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UNFPA, the United Nations Population Fund, will continue to assist the Philippine government in ensuring that the poor are able to access reproductive health services through the provision of quality reproductive health services to allow them to make informed choices.
In a series of meetings with stakeholders in the reproductive health advocacy, UNFPA Executive Director Babatunde Osotimehin underscored the importance of engaging partners so that resources are put to maximum use in addressing inequities and ensuring an inclusive growth framework.
Dr. Osotimehin also committed to continue providing humanitarian assistance, disaster being a key concern in the Philippines, which is one of the most-disaster prone countries in the world. He mentioned the conduct of the UN Conference on Sustainable Development in Brazil next month and the efforts of the UN and development agencies to push for the environment agenda in the post-2015 MDG scenario.
“In the context of disaster risk reduction, we need to ensure that we provide services to women and young girls and reduce the effect of and prevent disasters,” he said.
In his meeting with the UNFPA head, President Aquino discussed his plans for the Philippines’ development on the basis of reproductive health and rights and the ability of people to make choices for themselves. Dr. Osotimehin said he was pleased to learn that a good number of Filipino women are now able to deliver in facilities, emergency obstetric care is improving and more funds are being allocated for family planning commodities.
He committed to the President UNFPA's technical assistance in terms of data analysis for policy formulation that would ensure greater coverage for Filipinos to access life-saving services and information.
During an interaction with youth leaders, Dr. Osotimehin batted for stronger focus on prevention of teenage pregnancies through adolescent-friendly reproductive health services and sexuality education. Recent reports revealed an increasing trend in teenage pregnancy in the Philippines which stands at 53 per 1,000 births.
In Cagayan de Oro City in Northern Mindanao, Dr. Osotimehin was able to interact with young people and mothers who are still living in a tent city five months after the disaster. In a meeting with the UN Mindanao Humanitarian Team and local government officials, Dr. Osotimehin vowed to continue supporting the reproductive health programmes of the city government even beyond the humanitarian response.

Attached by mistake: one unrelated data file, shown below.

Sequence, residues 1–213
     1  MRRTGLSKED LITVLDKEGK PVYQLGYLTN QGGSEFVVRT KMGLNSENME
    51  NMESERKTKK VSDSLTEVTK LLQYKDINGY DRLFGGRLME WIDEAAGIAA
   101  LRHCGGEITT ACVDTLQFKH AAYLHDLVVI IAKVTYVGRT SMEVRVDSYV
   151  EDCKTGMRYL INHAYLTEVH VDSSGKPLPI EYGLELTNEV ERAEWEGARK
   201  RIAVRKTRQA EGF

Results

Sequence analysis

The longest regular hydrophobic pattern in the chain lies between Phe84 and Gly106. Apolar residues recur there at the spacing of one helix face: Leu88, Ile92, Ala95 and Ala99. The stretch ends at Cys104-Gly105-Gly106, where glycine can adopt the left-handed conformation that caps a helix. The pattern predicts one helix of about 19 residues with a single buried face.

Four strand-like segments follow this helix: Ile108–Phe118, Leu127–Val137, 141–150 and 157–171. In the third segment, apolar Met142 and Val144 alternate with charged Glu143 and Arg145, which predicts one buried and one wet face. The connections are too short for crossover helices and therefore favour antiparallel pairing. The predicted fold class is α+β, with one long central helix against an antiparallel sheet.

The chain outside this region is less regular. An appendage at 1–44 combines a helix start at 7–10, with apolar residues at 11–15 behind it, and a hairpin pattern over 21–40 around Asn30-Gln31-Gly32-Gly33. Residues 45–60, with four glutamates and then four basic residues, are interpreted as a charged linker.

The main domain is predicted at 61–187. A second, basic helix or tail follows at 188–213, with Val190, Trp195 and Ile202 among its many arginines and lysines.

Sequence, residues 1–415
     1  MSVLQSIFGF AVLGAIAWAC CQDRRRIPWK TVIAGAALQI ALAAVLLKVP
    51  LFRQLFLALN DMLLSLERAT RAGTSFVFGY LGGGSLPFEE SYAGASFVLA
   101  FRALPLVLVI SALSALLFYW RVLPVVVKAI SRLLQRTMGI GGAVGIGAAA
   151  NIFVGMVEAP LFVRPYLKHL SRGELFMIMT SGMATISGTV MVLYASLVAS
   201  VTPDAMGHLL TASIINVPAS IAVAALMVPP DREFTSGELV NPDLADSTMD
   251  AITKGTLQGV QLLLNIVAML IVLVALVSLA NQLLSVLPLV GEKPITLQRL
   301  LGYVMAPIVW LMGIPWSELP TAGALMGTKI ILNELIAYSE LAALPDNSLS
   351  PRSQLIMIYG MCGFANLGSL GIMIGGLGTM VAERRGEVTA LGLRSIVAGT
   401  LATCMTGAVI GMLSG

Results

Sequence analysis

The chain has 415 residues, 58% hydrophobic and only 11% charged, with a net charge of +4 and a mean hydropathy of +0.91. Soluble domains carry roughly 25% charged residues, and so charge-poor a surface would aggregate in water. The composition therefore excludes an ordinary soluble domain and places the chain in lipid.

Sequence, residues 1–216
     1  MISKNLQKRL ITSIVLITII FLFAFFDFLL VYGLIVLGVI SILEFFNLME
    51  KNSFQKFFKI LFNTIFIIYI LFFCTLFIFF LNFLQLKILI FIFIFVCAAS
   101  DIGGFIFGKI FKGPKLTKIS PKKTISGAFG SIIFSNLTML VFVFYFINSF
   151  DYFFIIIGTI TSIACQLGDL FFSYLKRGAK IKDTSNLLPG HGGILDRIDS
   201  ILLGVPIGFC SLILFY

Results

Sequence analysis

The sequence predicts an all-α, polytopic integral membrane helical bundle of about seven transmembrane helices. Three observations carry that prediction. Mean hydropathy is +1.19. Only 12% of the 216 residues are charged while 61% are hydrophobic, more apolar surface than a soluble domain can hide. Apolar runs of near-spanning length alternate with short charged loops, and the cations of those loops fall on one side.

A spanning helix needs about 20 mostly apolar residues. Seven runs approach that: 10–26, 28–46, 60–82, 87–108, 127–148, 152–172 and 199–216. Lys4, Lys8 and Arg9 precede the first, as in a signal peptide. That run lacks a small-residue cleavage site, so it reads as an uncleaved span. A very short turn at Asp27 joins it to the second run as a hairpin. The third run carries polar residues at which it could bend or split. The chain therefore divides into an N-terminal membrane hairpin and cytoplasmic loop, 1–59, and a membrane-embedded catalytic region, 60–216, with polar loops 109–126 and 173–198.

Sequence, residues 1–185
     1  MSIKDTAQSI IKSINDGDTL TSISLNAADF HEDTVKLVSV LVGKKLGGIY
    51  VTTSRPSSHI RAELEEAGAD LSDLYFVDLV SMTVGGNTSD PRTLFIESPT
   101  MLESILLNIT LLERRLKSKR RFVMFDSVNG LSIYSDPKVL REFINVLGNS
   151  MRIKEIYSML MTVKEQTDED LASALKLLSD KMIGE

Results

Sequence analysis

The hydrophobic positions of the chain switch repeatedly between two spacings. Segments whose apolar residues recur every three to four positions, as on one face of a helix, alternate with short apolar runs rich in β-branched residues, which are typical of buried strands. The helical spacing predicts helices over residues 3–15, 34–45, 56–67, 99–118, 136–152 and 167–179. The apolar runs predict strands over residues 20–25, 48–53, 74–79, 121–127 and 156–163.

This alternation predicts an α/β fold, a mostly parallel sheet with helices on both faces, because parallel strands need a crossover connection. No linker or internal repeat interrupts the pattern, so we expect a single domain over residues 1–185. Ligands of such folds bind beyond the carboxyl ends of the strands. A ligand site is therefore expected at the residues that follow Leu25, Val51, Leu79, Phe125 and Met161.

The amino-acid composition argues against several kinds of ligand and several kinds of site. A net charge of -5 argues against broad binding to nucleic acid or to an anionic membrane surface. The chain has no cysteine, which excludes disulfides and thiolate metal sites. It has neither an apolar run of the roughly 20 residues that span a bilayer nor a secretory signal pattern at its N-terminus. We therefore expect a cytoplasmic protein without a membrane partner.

He also acknowledged UNFPA’s collaboration with the Catholic Church in some areas of UNFPA’s work. “The business of UNFPA is to enrich the lives of people, to add value to them. We are glad to note that in many parts of the world, including the Philippines, the Catholic Church has found commonalities in what we do and we continue to work with them to ensure that we can provide safe spaces for women and young people around the world,” he said.
The UNFPA is working with the Catholic Church in Cagayan de Oro in providing for the basic needs of women of reproductive age who were affected by the massive flooding brought by tropical storm Washi last December. Specifically, the activities include the distribution of hygiene kits and the conduct of medical missions for pregnant and lactating women.
Dr. Osotimehin was in Manila May 17 to 19. Aside from the President, he also met with former President Fidel Ramos who is regarded as the grandfather of ICPD in the Philippines, ambassadors from UNFPA donor countries, youth leaders, government leaders, legislators and leaders from civil society organizations.
The visit also comes at a time when the UNFPA Philippines Country Office is celebrating 40 years of UNFPA programming in the country. The First Country Programme started in 1972 and UNFPA is now in its seventh cycle of assistance to the Philippine government.
“UNFPA is an organization unique in itself. It was started by a Filipino, a dedicated gentleman who believes in rights of women,” Dr. Osotimehin said. “Today, we have recommitted ourselves to providing assistance and working with governments around the world to ensure that the lives of women and young people are secured not only in terms of services and commodities for family planning but also in terms of protecting their rights and ensuring that we create policy atmosphere and programmes that would reach people in the most equitable fashion.”